R PIYARELALL IMPORT AND EXPORT LTD Vs. COLLECTOR OF CUS
CUSTOMS EXCISE AND GOLD(CONTROL) APPELLATE TRIBUNAL
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T.P. Nambiar, Member (J) -
(1.) BEING aggrieved by the orders passed by the learned Collector of Customs, Calcutta in Order No. S 33-Gr-1(P)-11/90-A, dated 15-11-1990 the appellants have filed this appeal with a prayer that the order may be set aside.
(2.) The facts leading to this case are that the appellants M/s. R. Piyarelall Import & Export Ltd. imported six consignments of Toor Whole (Arhar Pulses) from Burma and six home consumption bills of entry were filed for clearance of the same. The goods were assessed to duty and released against Port Health Organisation and Plant Quarantine bonds pending submission of certificates from the Port Health Organisation and Plant Quarantine authorities. The appellants undertook that the goods would not be disposed of in whole or in part unless the Collector of Customs or any other officer on his behalf allows them to do so in writing. Samples were drawn by Port Health Officer and Plant Quarantine and Fumigation Officer in presence of the appellants' representative at the time of examination of the goods. Plant Quarantine and Fumigation Department vide Certificates No. F-5-28/90 J-298 to 303, dated 8-5-1990 recommended for release of the goods. The Port Health Officer vide his Certificate No. 906/P.H.O.G./ 106/F-2(a) (90), dated 4-5-1990 has stated that the sample did not conform to the standard specification as laid down under the prevention of Food Adulteration Rules, 1955 in respect of insect damaged we evilled grains and was unfit for human consumption as it contains dead insects. The appellants vide their letter dated 10-5-1990 requested for drawal of fresh samples for retesting. Collector of Customs allowed them to draw fresh samples, two each from the consignments in barges lying in godown of the party and from water stained bags. Accordingly, samples were again drawn by Port Health Officer in presence of Customs Authorities and party's representative and 3 (three) sets were sent to the Director, Central Food Laboratory, Calcutta and the three sets were sent to the Calcutta Municipal Corporation for retesting. The Central Food Laboratory in their reports dated 18-7-1990 certified that all the three samples of Toor Whole are adulterated. Calcutta Municipal Corporation Authorities certified that sample Nos. 1 and 3 were adulterated and that sample No. 2 conformed to the prescribed standard according to P.F.A. Rules. According to the department, in view of the initial report of Port Health Organisation and subsequent analysis reports of Central Food Laboratory, the imported pulses were adulterated and not fit for human consumption. The importation of the same was prohibited under Section 5 of the Prevention of Food Adulteration Act read with Section 11 of the Customs Act and were liable for confiscation under Section 111(d) of the Customs Act. A Show Cause notice was issued to the appellants on 17-9-1990 and the appellants replied to the notice. Thereafter, adjudication proceedings were conducted. The learned Collector came to the conclusion that the imported Toor Wholes were adulterated and confiscated the same. He, however, held that since the importation was done on the bonafide belief that the same complied with the local requirements, no penalty was imposed under Section 112 of the Customs Act, 1962.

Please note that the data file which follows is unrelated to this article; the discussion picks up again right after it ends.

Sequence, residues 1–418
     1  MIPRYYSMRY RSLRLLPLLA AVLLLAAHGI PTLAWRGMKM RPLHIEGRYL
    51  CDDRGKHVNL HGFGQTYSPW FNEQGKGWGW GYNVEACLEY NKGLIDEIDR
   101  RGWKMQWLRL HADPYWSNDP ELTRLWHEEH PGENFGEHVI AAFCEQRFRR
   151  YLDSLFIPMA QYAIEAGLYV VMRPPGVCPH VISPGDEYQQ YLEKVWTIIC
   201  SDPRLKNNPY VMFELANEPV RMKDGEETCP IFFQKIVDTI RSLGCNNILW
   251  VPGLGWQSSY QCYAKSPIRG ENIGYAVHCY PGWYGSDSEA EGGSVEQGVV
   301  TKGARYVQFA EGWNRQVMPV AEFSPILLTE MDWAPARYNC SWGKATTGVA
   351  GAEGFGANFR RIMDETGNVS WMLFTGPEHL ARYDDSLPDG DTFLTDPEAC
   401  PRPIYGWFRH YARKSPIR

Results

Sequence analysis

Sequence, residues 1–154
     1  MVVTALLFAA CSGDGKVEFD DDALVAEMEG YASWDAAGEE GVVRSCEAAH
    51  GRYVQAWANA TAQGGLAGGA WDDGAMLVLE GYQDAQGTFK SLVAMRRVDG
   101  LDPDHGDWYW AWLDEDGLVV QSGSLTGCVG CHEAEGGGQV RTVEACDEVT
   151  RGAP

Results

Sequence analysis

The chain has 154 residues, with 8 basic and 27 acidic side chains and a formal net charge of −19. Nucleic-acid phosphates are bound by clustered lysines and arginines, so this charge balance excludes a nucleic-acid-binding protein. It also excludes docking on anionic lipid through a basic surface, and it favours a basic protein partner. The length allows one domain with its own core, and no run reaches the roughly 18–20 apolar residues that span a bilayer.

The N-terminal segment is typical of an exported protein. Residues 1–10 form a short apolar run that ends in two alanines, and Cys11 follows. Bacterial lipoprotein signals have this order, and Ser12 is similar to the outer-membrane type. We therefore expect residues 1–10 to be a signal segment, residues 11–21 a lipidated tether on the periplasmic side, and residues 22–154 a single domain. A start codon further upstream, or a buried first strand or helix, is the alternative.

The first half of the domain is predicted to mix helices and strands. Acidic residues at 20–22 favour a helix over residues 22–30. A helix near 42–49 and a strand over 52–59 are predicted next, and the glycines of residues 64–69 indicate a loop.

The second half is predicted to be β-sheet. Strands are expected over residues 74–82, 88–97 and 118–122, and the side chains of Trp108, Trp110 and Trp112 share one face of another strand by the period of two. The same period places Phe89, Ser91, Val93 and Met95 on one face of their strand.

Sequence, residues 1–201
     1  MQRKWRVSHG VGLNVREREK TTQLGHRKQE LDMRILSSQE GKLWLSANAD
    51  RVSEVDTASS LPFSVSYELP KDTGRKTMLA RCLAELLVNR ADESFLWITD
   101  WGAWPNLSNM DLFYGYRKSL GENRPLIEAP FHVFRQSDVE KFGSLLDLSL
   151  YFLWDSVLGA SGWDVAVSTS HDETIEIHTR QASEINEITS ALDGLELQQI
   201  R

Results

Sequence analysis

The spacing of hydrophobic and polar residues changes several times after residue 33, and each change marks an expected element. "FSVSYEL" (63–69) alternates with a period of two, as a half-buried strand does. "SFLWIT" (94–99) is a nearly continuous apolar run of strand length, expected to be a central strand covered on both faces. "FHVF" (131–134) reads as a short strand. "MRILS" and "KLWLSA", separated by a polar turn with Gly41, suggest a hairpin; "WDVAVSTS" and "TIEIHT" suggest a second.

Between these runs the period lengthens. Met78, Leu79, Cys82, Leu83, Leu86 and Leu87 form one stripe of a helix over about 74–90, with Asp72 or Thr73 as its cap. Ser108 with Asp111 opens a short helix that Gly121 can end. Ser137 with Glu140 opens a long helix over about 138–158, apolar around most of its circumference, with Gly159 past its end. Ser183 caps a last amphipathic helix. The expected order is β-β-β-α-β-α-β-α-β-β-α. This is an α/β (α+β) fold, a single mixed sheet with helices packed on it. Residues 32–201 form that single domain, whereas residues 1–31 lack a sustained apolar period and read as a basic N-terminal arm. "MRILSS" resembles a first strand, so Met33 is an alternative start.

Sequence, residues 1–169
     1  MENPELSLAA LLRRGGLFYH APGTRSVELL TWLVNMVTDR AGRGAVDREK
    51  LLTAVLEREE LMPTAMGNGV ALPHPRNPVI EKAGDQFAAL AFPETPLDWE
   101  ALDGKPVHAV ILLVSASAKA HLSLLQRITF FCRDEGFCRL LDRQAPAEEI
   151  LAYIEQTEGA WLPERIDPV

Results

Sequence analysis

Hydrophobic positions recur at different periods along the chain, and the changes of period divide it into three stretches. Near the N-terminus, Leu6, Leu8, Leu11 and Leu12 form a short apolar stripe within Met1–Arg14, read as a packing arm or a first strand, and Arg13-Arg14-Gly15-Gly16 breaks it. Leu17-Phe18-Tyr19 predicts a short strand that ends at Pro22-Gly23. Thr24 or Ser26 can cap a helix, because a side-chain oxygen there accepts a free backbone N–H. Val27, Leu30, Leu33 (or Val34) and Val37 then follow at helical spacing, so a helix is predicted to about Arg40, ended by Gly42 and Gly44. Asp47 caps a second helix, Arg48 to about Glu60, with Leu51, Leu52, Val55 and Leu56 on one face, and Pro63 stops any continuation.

When the case came up for hearing before us, Shri K. Srinivasan, Shri P.K. Ghosh and Shri B.N. Chattopadhyay, learned Consultants appeared for the appellants and Shri M.N. Biswas, learned SDR and Shri B.B. Sarkar, learned JDR appeared for the respondents.
(3.) IT was contended on behalf of the appellants that the learned Collector had erred in holding that the three samples drawn and sent to the Central Food Laboratory were representative of the entire consignment. IT was also contended that the samples were drawn only from some bags and the confiscation of all the six consignments on the basis of three reports from the Central Food Laboratory on the analysis of three unrepresentative samples is without jurisdiction. IT was also contended that the Central Food Laboratory had to work under the framework of the Prevention of Food Adulteration Act and if they had not done their task accordingly, the same has to be ignored. IT was further contended that the learned Collector erred in not accepting the effort made which would effectively removed the causes of contamination and hence the objection raised by the Central Food Laboratory for the clearance of the goods can be cured by reprocessing the same. In this connection, Shri Ghosh, learned Counsel relied on Section 11(5) of the Prevention of Food Adulteration Act (to be referred to as TFA Act', for short), 1954, which empowers a Magistrate to order that the articles of food can be returned to the owner on his executing a bond with or without sureties if they process the same and make it conforming to the prescribed standard of human consumption after reprocessing under the supervision of such Officer as may be specified in the orders. IT was his submission that this power could be exercised by the Collector in terms of Section 6 of the PFA Act. IT was also urged that the CIF Value of the imported pulses is 72.06 lakhs and that the only ground for holding the same as adulterated is the marginal excess of D.D.T. and lindane which is due to the use of insecticides/pesticides. IT was also submitted that the absolute confiscation of 24,300 bags is a harsh punishment and a national loss when the CIF value has already been remitted to the sellers.;
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